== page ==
View Article and Find Full Text PDF

Download full-text PDF

Source
http://dx.doi.org/10.1038/s42003-018-0200-xDOI Listing
http://www.ncbi.nlm.nih.gov/pmc/articles/PMC6240072PMC
November 2018

Classification and molecular pathogenesis of NBIA syndromes.

Eur J Paediatr Neurol 2018 Mar 17;22(2):272-284. Epub 2018 Jan 17.

Unit of Molecular Neurogenetics, Pierfranco and Luisa Mariani Centre for the Study of Mitochondrial Disorders in Children, Foundation IRCCS Neurological Institute C. Besta, Via Temolo 4, 20126, Milan, Italy. Electronic address:

Brain iron accumulation is the hallmark of a group of seriously invalidating and progressive rare diseases collectively denominated Neurodegeneration with Brain Iron Accumulation (NBIA), characterized by movement disorder, painful dystonia, parkinsonism, mental disability and early death. Currently there is no established therapy available to slow down or reverse the progression of these conditions. Several genes have been identified as responsible for NBIA but only two encode for proteins playing a direct role in iron metabolism. The other genes encode for proteins either with various functions in lipid metabolism, lysosomal activity and autophagic processes or with still unknown roles. The different NBIA subtypes have been classified and denominated on the basis of the mutated genes and, despite genetic heterogeneity, some of them code for proteins, which share or converge on common metabolic pathways. In the last ten years, the implementation of genetic screening based on Whole Exome Sequencing has greatly accelerated gene discovery, nevertheless our knowledge of the pathogenic mechanisms underlying the NBIA syndromes is still largely incomplete.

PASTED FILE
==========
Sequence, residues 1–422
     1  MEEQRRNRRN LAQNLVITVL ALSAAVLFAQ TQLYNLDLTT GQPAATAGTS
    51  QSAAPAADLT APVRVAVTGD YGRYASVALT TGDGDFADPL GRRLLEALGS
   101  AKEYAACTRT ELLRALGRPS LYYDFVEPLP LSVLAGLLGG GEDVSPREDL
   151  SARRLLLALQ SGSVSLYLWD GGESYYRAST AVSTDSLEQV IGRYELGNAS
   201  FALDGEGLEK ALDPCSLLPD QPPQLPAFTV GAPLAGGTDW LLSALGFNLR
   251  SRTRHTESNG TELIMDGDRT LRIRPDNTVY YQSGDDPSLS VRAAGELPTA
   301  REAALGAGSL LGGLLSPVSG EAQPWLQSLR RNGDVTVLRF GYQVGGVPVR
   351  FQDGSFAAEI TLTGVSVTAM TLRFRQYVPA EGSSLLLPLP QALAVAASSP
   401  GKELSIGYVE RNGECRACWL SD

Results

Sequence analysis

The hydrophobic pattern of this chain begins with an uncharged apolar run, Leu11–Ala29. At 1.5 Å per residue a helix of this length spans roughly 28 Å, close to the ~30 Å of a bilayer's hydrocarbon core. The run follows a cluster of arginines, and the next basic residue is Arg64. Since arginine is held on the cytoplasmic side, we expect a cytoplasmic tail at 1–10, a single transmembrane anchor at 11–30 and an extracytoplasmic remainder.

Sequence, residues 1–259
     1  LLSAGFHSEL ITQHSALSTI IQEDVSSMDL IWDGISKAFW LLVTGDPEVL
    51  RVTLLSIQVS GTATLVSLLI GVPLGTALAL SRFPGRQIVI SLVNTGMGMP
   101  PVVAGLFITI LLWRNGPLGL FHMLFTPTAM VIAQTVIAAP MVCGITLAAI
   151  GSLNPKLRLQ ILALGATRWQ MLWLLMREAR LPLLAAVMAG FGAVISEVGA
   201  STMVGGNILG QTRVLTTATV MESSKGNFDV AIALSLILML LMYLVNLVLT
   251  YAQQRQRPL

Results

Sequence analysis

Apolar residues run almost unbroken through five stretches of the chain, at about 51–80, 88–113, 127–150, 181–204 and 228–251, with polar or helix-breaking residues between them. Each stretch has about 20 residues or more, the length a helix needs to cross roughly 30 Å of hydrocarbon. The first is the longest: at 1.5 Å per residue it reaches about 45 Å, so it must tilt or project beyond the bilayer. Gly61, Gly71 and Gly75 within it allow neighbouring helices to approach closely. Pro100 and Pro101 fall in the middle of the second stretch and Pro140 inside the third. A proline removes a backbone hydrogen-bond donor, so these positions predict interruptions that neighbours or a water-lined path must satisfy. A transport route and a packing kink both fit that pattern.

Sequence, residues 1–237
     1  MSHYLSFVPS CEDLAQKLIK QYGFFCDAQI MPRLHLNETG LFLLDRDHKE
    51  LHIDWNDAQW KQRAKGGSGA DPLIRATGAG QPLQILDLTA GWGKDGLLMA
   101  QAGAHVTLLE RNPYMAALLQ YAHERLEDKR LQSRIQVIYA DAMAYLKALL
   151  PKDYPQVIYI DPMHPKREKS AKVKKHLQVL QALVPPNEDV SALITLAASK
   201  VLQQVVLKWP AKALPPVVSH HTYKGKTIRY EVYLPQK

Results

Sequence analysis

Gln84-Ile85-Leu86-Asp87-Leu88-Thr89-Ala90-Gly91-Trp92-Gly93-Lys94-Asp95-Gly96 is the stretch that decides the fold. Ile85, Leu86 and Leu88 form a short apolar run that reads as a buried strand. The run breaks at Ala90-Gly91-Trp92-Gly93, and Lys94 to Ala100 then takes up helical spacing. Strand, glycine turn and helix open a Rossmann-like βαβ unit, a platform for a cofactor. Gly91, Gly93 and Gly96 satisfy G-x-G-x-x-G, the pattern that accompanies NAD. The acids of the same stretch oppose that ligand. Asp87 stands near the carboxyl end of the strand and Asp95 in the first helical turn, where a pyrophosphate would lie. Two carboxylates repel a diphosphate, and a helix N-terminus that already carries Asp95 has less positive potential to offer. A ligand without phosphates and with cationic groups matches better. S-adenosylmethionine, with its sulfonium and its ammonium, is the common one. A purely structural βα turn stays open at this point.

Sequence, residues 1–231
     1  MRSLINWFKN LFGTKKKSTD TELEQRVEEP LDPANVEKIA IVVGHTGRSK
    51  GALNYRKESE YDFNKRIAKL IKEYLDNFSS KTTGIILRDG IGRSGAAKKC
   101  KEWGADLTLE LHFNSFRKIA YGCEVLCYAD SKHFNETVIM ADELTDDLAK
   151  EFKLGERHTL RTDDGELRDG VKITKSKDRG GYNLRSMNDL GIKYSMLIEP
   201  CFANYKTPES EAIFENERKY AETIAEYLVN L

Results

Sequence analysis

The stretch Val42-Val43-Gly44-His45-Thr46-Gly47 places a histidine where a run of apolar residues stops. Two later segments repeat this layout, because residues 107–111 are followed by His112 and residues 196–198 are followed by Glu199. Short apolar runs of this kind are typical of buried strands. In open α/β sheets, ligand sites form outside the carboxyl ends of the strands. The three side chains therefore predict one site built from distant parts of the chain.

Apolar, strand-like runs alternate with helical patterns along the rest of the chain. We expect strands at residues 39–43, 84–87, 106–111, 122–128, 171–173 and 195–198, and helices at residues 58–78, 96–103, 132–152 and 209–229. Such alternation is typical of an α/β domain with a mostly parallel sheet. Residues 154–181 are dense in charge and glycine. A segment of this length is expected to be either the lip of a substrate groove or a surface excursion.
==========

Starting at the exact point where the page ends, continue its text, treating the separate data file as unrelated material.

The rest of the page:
View Article and Find Full Text PDF

Download full-text PDF

Source
http://dx.doi.org/10.1016/j.ejpn.2018.01.008DOI Listing
March 2018

Clinical, biochemical, and genetic features associated with VARS2-related mitochondrial disease.

Hum Mutat 2018 04 7;39(4):563-578. Epub 2018 Feb 7.

Unit of Neuromuscular and Neurodegenerative Disorders, Laboratory of Molecular Medicine, 'Bambino Ges.' Children's Research Hospital, Rome, Italy.